Not Every COVID-19 Test is the Same

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The pandemic has focused a spotlight on the importance of accurate medical tests, especially in light of recent increases in coronavirus cases.

"The important thing to remember," says Merce Jorda, M.D., who serves as chair of pathology and laboratory medicine at the University of Miami Health System, "is that there are multiple types of tests with different collecting methods, which vary in accuracy."

At last count, the U.S. Food and Drug Administration (FDA) has awarded emergency-use authorization to more than 200 different tests meant to detect SARS-CoV-2. And there are more in the pipeline. Testing, as Dr. Jorda explains, is essential to containing the virus because it helps public health officials spot – and contact trace – other infected patients, even those who are asymptomatic.

There are three different kinds of testing:

  • molecular real-time polymerase chain reaction (RT-PCR) tests, which detect the virus' genetic material
  • antigen tests that detect specific proteins on the surface of the virus
  • serology (antibody) tests, which detect antibodies to SARS-CoV-2 in blood

The first two types are diagnostic tests, while serology is considered adequate for surveillance protocols. In other words, a diagnostic test detects an active coronavirus infection while a serology test identifies a past infection.

"While there is no perfect test, the RT-PCR is considered the gold standard because of its accuracy," Dr. Jorda says.

The RT-PCR test can detect tiny parts of the virus's RNA, its genetic material.

This is collected using a swab inserted in the nasal cavity (deep or midway) or by obtaining saliva. In the lab, the viral RNA is converted to DNA through a process called "reverse transcription." This allows the DNA to be copied or amplified, which is a crucial part of the RT–PCR process. If the viral DNA is detected, the patient is considered positive for SARS-CoV-2, the COVID-19 virus.

Though false-positive results are rare, RT-PCR has missed some infections, mostly due to the infection stage or erroneous sampling. Furthermore, different platforms have different levels of viral detection. People also have been known to continue testing positive even when they're not actively sick. Physicians believe this happens because viral genetic material can hang out in the body for some time.

Another drawback of the RT- PCR is that testing supplies may be scarce, and it can take several days to process in a lab. At UHealth, under Dr. Jorda's direction, Dr. Yi Zhou leads an in-house COVID-19 laboratory for employees, students, and patients. The in-house nature of the COVID-19 testing allows for a better rapid turnaround time of the sample results. "Having an in-house laboratory helps tremendously," says Dr. Jorda. "In a commercial lab, you have to get in line with everyone else."
Some find the deep nasal collection method uncomfortable. So, other less-invasive collection methods have been developed. In August 2020, the FDA gave the emergency-use designation to a saliva-based test named SalivaDirect. Though this is not the first saliva test approved for COVID-19 testing, it received a lot of attention since this method shortens the testing time. It is considered as accurate as the nasal RT-PCR test.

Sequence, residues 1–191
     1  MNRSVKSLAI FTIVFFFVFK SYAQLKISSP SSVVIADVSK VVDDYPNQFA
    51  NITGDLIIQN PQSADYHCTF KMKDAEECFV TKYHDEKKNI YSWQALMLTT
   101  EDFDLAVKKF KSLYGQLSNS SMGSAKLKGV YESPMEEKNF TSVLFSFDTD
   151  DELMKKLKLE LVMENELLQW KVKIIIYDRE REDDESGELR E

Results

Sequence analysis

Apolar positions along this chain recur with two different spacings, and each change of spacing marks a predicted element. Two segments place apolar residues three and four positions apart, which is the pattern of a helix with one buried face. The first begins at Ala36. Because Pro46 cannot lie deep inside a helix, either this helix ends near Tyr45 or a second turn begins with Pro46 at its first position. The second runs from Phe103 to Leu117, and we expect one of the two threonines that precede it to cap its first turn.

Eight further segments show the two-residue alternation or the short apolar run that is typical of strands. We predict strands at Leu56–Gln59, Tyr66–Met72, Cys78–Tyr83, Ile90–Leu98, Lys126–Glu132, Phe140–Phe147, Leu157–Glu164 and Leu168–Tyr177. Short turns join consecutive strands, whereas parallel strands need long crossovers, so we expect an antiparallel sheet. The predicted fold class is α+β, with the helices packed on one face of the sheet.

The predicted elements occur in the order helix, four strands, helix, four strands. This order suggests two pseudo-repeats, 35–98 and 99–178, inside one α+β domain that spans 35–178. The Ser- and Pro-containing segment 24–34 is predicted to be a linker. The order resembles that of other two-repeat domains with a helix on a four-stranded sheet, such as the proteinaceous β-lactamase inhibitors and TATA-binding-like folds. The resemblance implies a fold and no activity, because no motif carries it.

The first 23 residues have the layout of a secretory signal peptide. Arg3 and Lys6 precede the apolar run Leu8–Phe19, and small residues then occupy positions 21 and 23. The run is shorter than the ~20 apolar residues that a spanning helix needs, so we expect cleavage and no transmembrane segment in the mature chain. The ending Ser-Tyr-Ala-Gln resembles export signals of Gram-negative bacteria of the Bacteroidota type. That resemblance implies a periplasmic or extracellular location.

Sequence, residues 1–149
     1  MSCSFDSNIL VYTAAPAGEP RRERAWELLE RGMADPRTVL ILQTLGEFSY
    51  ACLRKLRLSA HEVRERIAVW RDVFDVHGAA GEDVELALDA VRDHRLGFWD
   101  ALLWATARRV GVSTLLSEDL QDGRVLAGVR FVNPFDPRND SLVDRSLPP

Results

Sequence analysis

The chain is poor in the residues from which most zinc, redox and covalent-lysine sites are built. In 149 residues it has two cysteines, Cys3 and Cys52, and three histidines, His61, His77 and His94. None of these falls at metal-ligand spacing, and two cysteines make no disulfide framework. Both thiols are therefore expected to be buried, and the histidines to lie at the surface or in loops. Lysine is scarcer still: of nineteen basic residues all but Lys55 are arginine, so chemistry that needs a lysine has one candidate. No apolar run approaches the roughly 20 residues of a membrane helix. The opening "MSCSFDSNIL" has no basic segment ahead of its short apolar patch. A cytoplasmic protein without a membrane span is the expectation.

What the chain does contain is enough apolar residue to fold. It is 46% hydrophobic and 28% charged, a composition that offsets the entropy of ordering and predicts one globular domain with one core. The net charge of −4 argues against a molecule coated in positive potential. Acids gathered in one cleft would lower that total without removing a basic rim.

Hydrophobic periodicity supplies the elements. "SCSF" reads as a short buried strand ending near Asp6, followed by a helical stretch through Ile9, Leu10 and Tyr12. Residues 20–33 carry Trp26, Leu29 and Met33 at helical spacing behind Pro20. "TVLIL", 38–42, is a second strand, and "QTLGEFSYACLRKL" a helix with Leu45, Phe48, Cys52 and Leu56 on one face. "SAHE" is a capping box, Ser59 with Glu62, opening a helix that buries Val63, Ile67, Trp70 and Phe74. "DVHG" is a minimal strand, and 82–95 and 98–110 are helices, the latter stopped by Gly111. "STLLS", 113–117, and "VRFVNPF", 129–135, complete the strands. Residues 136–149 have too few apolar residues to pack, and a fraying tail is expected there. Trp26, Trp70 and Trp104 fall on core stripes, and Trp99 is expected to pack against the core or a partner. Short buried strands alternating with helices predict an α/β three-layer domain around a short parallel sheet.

The Antigen test, like the RT-PCR, requires a nasal swab.

Instead of detecting the RNA of the SARS-CoV-2 virus, the antigen test searches for proteins on the virus's surface. Since it does not require as many testing reagents and laboratory staffing, it is cheaper and faster than RT-PCR.

However, quick turnaround time translates into less accuracy. False negatives are much more common than with RT-PCR. Subsequently, the FDA recommends an RT-PCR test if a patient's antigen test is negative but displays symptoms of COVID-19. The White House press secretary's case may be an example of this. She released a statement on Twitter that she had tested negative for several days before finally testing positive, using the antigen test. While the White House has reportedly used a rapid antigen test to screen visitors, the RT- PCR tests still need to be used as a backup, as advised by the FDA.

However, if antigen testing is done frequently, the positive cases will most certainly be picked up on subsequent samples. False-positive results are common with the antigen test because it detects proteins that appear like those of SARS-CoV-2. That said, antigen tests are helpful when speed is of the essence, and when they are performed repeatedly.

The antibody test, unlike the RT-PCR or antigen tests, measures if a person has been infected by the coronavirus in the past.

Using a blood sample, the test looks for antibodies against SARS-CoV-2, which are the proteins that our bodies make after an infection to protect us from future threats. Right now, antibody tests provide scientists with an idea of the virus's reach in a community. Still, a positive test does not mean that the tested individual is immune to SARS-CoV-2, and potential reinfection can occur. Therefore, universal precautions measures should remain in place.

Additional collection methods and testing protocols are currently being explored globally.

"The search for an inexpensive, fast, simple, and accurate test is on and will be forthcoming in the near future," Dr. Jorda says, adding she wouldn't be surprised if we soon have a test with those characteristics.

However, she says: "In the meantime, we must all continue with the precautions of using masks and social distancing."


Ana Veciana-Suarez, Guest Columnist

 

Ana is a regular contributor to the University of Miami Health System. She is a renowned journalist and author who has worked at The Miami Herald, The Miami News, and The Palm Beach Post. Visit her website at anavecianasuarez.com or follow @AnaVeciana on Twitter.

 

 


 

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